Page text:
My readers will know that I think that the Federal Reserve has taken a step in the right direction with its latest policy action. I do think that the fed finally after four years of failure is moving towards a more rule based monetary policy. However, it is certainly far from perfect and there is still a lot of risks involved.
The Minutes from the latest FOMC meeting was published yesterday and it is clear that the FOMC is well-aware that it needs to address it’s communication problem. That’s positive. However, it is also clear that the fed still don’t have a proper communication policy in place and even though we are moving towards a more rule based monetary policy it still not completely clear what the rule is and it is not entire clear how it should be implemented. We are still far away from Milton Friedman’s ideal of having a computer control monetary policy. However, I think that the fed should move in the direction of that ideal and it could start the journey toward this goal by introducing what we could call “policy futures”.
It is obvious that the fed is aware that there is problems with the present forecasting set-up within the fed. The key problem is one that every central bank in the world is facing – should the central bank forecast that it will fail? That is effectively what the fed has been doing so far when it is saying that it expect a fragile and weak recovery.
Scott Sumner has suggested that monetary policy should be “pegged” to a NGDP future, which would mean that the money base is increased or decreased continuously as market expectations for future level NGDP changes. This is basically the Friedman ideal of a computer – or rather the market – controlling monetary policy. However, a less radical plan where futures are “just” used for policy guidance and forecasting is also possible and that is what I suggest that the fed should look at.
There are some very clear advantages of using the market to forecast. First of all the fed would not have to know the “real model” of the US economy. Second the forecasts would be unbiased. Third the fed would have real-time forecasts of its policy variables.
It is pretty clear that the fed is now moving towards some kind of Evans rule where changes in the money base is a function of unemployment and inflation. We don’t know fed’s reaction function, but a version of the Evans rules could take the following form:
(1) ∆b = α(U-U*)-β(π-πT)
Where ∆b is the change in the money base, α and β are coefficients, U is unemployment and U* is the fed’s unemployment target or the structural unemployment, π is inflation and πT is the inflation target.
There plenty of reasons to be skeptical about the fact that the fed is so clearly targeting real variables (employment/unemployment). However, by using policy futures it might be possible to greatly reduce these risks.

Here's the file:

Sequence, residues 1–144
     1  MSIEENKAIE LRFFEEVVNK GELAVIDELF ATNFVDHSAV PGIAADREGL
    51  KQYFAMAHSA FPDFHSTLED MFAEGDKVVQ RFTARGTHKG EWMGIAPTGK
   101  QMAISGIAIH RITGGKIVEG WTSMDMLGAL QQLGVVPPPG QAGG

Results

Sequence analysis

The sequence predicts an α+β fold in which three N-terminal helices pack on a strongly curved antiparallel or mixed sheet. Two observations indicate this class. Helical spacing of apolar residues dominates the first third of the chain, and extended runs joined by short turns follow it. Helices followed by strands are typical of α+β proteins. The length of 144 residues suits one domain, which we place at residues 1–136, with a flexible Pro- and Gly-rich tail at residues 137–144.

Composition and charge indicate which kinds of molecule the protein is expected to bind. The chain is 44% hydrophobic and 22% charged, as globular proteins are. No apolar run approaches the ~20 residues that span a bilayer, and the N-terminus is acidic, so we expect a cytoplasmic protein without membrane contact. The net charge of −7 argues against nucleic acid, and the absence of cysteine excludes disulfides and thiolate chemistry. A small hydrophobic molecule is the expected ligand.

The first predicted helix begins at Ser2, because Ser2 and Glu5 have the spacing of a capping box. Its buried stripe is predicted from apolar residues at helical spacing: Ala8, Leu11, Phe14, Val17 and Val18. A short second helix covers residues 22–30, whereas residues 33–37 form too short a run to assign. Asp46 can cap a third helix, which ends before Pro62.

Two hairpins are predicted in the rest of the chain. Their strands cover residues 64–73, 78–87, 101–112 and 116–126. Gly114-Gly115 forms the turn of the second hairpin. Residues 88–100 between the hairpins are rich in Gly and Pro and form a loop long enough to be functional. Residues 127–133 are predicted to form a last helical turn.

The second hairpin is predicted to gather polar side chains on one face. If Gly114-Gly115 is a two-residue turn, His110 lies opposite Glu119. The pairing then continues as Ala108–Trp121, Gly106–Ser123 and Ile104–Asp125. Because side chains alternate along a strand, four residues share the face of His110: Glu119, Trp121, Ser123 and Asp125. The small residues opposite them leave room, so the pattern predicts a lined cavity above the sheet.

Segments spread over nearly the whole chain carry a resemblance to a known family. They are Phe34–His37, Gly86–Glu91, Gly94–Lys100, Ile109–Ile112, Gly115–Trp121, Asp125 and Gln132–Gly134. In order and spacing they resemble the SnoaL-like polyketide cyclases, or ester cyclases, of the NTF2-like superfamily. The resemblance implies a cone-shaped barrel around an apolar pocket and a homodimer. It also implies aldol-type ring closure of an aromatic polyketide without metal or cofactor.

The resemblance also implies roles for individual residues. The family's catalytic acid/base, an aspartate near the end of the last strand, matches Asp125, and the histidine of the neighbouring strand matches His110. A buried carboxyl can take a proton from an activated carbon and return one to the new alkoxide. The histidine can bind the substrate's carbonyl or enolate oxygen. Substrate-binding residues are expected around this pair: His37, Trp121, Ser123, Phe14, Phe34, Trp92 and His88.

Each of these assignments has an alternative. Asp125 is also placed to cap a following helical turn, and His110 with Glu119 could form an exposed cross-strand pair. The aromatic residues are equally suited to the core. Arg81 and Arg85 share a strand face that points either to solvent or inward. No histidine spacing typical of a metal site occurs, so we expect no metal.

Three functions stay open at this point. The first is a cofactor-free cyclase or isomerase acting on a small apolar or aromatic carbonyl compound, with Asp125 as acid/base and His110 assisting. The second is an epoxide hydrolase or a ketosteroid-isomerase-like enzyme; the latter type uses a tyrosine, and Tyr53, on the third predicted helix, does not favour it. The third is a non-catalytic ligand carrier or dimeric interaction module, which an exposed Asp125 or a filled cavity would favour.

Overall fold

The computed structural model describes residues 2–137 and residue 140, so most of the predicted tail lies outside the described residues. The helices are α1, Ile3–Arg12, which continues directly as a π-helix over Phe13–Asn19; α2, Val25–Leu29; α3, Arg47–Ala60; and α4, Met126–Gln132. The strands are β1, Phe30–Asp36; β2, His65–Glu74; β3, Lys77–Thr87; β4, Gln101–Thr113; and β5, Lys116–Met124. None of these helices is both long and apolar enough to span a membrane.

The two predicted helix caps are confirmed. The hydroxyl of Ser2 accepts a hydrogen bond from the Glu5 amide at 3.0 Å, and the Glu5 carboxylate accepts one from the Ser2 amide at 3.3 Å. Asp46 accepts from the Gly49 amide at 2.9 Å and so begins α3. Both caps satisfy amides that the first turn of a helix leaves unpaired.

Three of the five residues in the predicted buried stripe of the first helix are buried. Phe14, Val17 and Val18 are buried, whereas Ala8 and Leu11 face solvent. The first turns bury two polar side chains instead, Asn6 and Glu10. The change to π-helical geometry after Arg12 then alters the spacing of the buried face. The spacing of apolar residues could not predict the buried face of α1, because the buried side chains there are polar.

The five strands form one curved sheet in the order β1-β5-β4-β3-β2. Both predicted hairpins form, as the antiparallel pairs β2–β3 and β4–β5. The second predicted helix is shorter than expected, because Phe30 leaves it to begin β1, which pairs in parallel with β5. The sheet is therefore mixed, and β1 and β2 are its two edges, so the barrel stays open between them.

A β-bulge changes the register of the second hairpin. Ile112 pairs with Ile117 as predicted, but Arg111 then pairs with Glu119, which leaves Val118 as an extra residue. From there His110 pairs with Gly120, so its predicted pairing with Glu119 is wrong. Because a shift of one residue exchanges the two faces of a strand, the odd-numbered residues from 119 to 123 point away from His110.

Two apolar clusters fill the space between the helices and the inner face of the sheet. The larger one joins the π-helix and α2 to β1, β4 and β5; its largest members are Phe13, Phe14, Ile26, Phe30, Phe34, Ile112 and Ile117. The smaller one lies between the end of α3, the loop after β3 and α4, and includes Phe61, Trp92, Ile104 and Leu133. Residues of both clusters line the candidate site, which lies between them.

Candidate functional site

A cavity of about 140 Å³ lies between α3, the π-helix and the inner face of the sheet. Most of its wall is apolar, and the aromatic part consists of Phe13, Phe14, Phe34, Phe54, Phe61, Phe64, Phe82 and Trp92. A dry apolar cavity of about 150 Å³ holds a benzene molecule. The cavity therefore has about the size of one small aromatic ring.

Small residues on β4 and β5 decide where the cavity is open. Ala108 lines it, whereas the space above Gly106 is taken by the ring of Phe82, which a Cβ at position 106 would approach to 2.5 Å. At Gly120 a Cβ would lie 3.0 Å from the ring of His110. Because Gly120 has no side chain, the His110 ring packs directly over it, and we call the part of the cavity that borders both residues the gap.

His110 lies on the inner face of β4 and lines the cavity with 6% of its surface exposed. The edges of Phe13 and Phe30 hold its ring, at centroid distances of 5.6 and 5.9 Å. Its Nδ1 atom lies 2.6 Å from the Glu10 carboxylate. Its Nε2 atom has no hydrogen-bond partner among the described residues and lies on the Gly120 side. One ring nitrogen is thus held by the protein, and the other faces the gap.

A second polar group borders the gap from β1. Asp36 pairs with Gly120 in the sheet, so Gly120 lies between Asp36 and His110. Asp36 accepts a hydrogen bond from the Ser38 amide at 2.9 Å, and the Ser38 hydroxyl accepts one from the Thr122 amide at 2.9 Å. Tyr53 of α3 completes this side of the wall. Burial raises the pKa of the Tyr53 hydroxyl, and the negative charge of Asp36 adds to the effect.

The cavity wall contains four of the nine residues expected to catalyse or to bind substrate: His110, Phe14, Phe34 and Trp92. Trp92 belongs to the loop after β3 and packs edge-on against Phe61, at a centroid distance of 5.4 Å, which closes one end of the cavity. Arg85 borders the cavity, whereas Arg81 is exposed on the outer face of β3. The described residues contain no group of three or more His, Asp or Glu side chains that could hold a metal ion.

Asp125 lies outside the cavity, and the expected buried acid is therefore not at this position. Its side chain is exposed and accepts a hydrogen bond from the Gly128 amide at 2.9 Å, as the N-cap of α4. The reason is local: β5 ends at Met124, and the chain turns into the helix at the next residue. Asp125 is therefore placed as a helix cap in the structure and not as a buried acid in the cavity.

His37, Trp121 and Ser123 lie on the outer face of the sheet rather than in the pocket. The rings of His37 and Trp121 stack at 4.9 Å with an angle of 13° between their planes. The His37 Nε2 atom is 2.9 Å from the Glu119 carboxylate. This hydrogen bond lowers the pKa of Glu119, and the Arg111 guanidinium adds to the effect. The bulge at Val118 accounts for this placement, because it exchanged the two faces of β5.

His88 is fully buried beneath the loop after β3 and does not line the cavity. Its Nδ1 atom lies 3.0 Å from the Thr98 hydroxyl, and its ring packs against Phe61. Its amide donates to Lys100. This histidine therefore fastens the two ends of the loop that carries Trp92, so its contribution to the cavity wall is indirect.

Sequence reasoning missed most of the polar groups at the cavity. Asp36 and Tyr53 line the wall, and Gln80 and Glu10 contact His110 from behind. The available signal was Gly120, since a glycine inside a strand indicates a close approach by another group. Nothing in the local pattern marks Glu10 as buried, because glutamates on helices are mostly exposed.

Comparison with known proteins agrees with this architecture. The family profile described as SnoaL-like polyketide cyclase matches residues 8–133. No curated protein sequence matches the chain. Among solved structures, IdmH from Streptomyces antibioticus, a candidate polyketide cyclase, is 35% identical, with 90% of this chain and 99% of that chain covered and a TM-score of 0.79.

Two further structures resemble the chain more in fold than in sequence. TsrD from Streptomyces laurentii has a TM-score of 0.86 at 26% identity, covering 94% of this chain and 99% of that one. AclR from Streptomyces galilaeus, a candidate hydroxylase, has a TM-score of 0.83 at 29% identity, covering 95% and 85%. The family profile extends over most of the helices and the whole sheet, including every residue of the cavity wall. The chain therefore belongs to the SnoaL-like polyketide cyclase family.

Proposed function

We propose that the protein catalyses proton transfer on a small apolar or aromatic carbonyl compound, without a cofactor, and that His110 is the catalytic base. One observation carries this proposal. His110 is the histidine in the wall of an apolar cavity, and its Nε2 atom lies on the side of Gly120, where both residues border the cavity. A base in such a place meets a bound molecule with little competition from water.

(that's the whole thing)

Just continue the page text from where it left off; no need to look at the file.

I imagine that the fed set up a futures or an options market on for example inflation, employment/unemployment and obviously NGDP on different time horizons.
Let’s say that the fed has the target of reducing unemployment to 6%, but also want to maintain long term price stability (keeping inflation around 2%). If structural unemployment is higher than 6% then that would obviously not be possible – and if the fed tried to push unemployment below 6% then inflation would explode. A policy future would greatly help assess this risk.
Hence, the fed could issue a put option that would be knocked in if unemployment dropped by 6% and inflation was below 2 or 3% at some future date – for example January 1 2013. Such an option would give an assessment about whether it is likely that the fed will hit it’s policy objectives. If the market assess that structural unemployment is above 6% then that would be reflected in the pricing of the put option.
If the fed issued a number of different policy futures and options on the key policy objectives it could get the markets’ assessment of whether it is on the right track in terms of fulfilling it’s monetary policy objectives or not by cross-checking the pricing of different policy futures.
Such policy futures could also greatly help the fed in it’s communication with the markets and it would probably also be much easier to get consensus on the FOMC about the possible risk to monetary policy.
The fed would very easily be able to set up such policy futures markets, but the informational gains would in my view be tremendous. The only “problem” would that the fed would need fewer economists to do forecasting…
Yet another argument for prediction markets: “Reputation and Forecast Revisions: Evidence from the FOMC”
Benn & Ben – would prediction markets be of interest to you?
Prediction markets and government budget forecasts
Central banks should set up prediction markets
Markets are telling us where NGDP growth is heading
Scott’s prediction market
Robin Hanson’s brilliant idea for central bank decision-making